Thrush describes an infection that develops in the frog of one or more of the horse’s hooves, caused by a fungal or bacterial pathogen. Fusobacterium necrophorum is the bacterium most often associated with thrush infections. [1]

Hooves with frogs that have deep sulci are prone to becoming infected with pathogens that cause thrush. Wet and dirty environments contribute to the development of this infection as thrush-causing pathogens flourish under these conditions.

Typical signs of a thrush infection include hoof tenderness and a foul-smelling discharge from the hoof. The condition is often diagnosed by visually assessing the hoof and checking the health of the frog tissue.

Thrush can progress to cause permanent lameness if it results in extensive damage to hoof tissues. Prompt treatment is necessary to stop the spread of the infection.

Treatment of thrush involves removing necrotic tissue from the hoof, disinfecting it, and keeping it clean during the healing process. Management strategies to prevent thrush and support recovery aim at keeping the horse’s living environment clean.

What is Thrush in Horses?

A relatively common bacterial infection of the horse’s hoof, thrush can affect one hoof or all four at once.

Thrush typically affects the center and grooves (central and lateral sulci) of the frog – a triangular structure on the underside of the hoof. It can also occur in the heel of the hoof.

Several bacterial and/or fungal microorganisms can cause thrush, but the bacterium Fusobacterium necrophorum is most frequently involved.

Thrush infection can cause minor to significant damage to hoof tissues and requires treatment to prevent it from spreading. If left untreated, the infection can damage the sensitive structures of the hoof including the laminae and digital cushion, and result in temporary to permanent lameness.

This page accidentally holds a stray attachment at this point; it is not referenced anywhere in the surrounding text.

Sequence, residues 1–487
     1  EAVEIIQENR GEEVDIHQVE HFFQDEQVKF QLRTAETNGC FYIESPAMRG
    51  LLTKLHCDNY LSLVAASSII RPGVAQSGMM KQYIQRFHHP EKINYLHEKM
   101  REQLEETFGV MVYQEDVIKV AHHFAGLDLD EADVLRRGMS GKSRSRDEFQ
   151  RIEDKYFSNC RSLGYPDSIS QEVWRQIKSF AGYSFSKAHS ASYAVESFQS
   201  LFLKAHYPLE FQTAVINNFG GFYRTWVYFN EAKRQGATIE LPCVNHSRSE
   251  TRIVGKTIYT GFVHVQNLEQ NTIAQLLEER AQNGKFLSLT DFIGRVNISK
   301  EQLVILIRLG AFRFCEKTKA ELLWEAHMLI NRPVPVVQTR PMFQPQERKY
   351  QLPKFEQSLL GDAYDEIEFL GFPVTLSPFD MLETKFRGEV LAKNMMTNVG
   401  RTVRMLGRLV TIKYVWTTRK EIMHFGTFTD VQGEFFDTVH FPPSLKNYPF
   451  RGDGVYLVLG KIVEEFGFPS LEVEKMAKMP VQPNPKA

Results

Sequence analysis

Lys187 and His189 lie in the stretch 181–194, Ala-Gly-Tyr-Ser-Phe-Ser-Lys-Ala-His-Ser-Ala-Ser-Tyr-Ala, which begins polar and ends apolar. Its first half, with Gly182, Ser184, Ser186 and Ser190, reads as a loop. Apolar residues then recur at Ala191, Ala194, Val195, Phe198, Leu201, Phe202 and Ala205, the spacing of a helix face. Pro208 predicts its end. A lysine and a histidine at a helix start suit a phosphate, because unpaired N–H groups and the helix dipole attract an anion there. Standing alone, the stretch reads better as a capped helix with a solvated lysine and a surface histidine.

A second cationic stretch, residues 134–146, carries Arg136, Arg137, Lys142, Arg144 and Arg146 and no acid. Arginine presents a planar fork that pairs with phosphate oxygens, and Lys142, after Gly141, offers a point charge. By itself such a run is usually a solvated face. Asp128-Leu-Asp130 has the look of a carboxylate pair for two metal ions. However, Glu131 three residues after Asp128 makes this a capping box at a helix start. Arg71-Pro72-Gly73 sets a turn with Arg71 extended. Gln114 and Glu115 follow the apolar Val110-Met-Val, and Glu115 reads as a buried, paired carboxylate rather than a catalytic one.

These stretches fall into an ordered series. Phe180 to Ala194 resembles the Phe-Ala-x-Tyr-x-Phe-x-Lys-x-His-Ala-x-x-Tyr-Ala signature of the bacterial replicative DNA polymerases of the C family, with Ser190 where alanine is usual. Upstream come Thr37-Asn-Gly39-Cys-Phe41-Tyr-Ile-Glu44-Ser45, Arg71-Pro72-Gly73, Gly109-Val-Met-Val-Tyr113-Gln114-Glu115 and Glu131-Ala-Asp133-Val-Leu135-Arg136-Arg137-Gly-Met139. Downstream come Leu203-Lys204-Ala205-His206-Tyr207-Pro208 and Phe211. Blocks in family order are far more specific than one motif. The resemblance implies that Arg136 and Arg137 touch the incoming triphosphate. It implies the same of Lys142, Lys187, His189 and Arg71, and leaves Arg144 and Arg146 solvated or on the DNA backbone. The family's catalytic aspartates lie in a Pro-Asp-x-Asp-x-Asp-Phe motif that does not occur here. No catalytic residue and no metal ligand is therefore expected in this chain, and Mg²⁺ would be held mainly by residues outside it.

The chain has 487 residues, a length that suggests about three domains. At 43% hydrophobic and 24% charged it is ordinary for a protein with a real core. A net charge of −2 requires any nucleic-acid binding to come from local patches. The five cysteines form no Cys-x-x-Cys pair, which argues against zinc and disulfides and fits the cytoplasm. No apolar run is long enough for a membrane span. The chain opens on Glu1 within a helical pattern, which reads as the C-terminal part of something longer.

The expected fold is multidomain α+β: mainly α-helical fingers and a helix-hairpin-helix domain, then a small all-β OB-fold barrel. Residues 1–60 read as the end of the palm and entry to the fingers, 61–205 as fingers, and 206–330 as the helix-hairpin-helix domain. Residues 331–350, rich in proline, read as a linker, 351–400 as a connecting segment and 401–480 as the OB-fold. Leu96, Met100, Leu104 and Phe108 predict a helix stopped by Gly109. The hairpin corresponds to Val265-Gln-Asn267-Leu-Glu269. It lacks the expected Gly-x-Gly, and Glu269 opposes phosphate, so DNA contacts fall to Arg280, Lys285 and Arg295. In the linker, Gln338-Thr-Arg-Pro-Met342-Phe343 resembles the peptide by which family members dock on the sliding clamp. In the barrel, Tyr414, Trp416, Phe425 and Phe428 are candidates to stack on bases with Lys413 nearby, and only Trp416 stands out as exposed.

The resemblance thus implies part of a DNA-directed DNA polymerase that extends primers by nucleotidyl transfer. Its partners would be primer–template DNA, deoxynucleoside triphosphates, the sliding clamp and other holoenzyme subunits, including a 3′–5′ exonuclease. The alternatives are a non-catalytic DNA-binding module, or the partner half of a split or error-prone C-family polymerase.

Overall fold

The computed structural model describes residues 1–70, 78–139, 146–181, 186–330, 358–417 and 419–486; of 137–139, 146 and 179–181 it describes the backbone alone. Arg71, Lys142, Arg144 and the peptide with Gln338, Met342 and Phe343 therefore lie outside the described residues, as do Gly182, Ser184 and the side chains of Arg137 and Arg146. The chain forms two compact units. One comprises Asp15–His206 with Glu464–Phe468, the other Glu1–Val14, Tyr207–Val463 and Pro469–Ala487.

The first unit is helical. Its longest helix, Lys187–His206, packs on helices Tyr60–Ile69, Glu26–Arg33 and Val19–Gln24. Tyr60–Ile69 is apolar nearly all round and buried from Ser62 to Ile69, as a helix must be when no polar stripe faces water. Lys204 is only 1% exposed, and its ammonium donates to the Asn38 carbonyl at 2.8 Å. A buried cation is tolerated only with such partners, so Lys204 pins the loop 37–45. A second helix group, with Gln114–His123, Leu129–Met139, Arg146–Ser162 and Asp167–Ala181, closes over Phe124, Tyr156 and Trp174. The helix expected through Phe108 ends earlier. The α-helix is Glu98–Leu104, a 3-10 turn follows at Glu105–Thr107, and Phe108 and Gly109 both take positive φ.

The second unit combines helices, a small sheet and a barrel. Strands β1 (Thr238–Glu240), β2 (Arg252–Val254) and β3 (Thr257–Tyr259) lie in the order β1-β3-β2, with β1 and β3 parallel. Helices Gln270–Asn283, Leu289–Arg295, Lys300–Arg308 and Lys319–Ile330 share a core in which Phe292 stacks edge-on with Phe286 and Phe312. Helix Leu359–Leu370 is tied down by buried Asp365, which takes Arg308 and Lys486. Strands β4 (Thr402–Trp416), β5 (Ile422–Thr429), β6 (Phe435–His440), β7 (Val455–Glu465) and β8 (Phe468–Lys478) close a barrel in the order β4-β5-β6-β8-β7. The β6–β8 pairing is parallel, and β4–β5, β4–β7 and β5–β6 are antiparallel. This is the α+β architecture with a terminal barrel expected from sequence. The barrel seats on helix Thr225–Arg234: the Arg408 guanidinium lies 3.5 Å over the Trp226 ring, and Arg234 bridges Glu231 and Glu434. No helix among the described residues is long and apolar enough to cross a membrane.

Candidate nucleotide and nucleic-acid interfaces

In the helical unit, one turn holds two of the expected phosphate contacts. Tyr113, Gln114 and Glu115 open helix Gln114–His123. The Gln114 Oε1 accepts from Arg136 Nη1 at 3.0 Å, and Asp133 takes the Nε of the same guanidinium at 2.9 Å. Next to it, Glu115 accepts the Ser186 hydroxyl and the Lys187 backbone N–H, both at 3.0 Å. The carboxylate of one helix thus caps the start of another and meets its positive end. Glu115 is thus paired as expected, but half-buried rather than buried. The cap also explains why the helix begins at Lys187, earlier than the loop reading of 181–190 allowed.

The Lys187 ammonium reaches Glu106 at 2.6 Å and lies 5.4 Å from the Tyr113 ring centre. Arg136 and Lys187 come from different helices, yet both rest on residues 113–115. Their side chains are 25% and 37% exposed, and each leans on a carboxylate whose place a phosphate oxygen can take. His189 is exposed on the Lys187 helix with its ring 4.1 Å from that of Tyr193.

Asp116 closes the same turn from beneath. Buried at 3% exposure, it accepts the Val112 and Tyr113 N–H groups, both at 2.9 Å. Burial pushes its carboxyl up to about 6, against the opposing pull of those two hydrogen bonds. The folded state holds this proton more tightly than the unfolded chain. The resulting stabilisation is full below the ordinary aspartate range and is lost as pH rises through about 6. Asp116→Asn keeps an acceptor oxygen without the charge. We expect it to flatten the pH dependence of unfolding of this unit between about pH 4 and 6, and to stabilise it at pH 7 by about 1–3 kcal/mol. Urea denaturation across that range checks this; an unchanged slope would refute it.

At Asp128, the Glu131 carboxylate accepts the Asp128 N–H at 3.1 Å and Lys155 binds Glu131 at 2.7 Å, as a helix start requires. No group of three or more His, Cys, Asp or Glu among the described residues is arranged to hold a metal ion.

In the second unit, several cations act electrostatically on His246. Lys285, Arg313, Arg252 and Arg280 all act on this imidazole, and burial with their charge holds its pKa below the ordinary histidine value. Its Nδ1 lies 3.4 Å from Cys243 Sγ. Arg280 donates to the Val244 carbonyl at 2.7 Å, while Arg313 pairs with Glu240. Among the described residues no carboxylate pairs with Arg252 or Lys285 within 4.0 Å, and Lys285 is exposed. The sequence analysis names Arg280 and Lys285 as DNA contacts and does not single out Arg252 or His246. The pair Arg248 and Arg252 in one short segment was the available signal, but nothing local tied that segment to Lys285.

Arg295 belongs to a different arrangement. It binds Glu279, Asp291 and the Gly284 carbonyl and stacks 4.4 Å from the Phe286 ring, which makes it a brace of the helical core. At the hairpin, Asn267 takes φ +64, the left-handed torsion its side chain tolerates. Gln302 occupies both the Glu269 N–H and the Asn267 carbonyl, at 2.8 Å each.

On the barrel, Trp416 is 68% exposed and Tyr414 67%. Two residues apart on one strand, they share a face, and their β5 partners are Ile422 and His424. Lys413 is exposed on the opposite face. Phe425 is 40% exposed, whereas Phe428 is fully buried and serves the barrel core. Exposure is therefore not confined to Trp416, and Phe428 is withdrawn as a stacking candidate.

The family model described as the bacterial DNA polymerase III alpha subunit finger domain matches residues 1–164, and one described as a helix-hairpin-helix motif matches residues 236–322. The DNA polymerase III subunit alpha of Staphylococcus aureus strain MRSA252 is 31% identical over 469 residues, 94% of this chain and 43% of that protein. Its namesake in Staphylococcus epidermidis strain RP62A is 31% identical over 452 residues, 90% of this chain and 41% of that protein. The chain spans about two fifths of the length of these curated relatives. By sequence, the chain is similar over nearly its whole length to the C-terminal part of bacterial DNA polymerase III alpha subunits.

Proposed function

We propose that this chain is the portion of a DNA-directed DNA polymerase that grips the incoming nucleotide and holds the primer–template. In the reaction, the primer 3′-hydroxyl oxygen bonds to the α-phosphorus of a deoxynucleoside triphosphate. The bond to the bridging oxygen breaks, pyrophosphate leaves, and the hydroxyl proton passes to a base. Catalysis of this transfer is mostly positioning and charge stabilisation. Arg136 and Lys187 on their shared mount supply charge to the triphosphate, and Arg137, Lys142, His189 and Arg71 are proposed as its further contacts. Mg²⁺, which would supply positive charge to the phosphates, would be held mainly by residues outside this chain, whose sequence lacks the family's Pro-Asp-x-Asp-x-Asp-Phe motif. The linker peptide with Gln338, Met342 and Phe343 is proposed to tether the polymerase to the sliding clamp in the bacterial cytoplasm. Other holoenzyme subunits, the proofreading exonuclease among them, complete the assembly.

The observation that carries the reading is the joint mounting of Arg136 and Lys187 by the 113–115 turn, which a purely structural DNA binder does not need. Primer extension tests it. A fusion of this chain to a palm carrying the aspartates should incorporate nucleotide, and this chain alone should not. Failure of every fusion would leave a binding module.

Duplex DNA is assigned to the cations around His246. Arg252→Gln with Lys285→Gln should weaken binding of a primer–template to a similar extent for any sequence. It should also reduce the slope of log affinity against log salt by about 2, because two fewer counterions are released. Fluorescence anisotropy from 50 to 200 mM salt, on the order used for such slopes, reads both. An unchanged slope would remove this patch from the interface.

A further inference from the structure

A common symptom of thrush is a foul-smelling discharge emanating from infected hooves. Horses with thrush may exhibit tenderness when pressure is applied to their affected hooves.

Damp and dirty environmental conditions are known to promote thrush infections as they create an environment where bacterial and fungal organisms can thrive.

Prevalence

Hoof disorders are common in horses. In one study, 85% of horses observed were found to have at least one form of hoof disorder when examined during regular hoof trimming. [2]

The exact number of horses affected by thrush is unknown. Thrush affects all breeds and ages of horses.

A study conducted in the Netherlands determined that out of 942 randomly selected horses that were assessed, 45% had thrush. [2]

Signs of Thrush

Depending on the severity of the infection, thrush can cause a range of clinical signs including:

  • Hoof sensitivity or pain
  • A pungent smelling, tar-like discharge emanating from the infected hoof tissues
  • A softened frog
  • Necrotic (dead) tissue in the hoof
  • Swelling in the lower limb if the infection is severe
  • Lameness in advanced cases
  • Lethargy

Pain caused by thrush increases as the infection spreads deeper into the tissues of the hooves.

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Causes of Thrush

Thrush is caused by bacterial or fungal organisms that enter the hoof tissue. An anaerobic bacterial species, Fusobacterium necrophorum, is the bacterial pathogen most often involved with thrush infection.

The following factors can promote a thrush infection:

Hoof Conformation with a Long Heel

Horses with a long heel conformation that results in deep, narrow frog sulci may be at an increased risk for thrush infection when exposed to damp and unclean environmental conditions.

Hooves with a recessed frog are prone to collecting more mud and dirt compared to those without. Deep and narrow sulci trap moisture and bacteria-laden debris in the hooves and create an ideal environment for infection to develop.

Environmental Causes

The microorganisms that cause thrush can propagate in conditions including deeply soiled bedding, mud, or very wet pastures. Horses living in these conditions may be at risk of developing thrush.

Management Issues

Not picking your horse’s hooves out daily can increase the risk of thrush infection. Overgrown or poorly trimmed hooves can increase the amount of moisture and mud/dirt than can lodge in the sulci.

Wearing hoof pads continuously may promote thrush-causing bacteria to accumulate in the sulci because they trap moisture against the bottom of the foot.

Diagnosis

If you suspect your horse has thrush, consult with your veterinarian to confirm a diagnosis of the condition. A physical examination of the hoof is necessary to determine if the infection is present in the frog.

Your veterinarian will check for signs of infection such as discharge, odor, and necrotic tissue. They will also check for lameness and assess your horse’s response when pressure is applied to the fro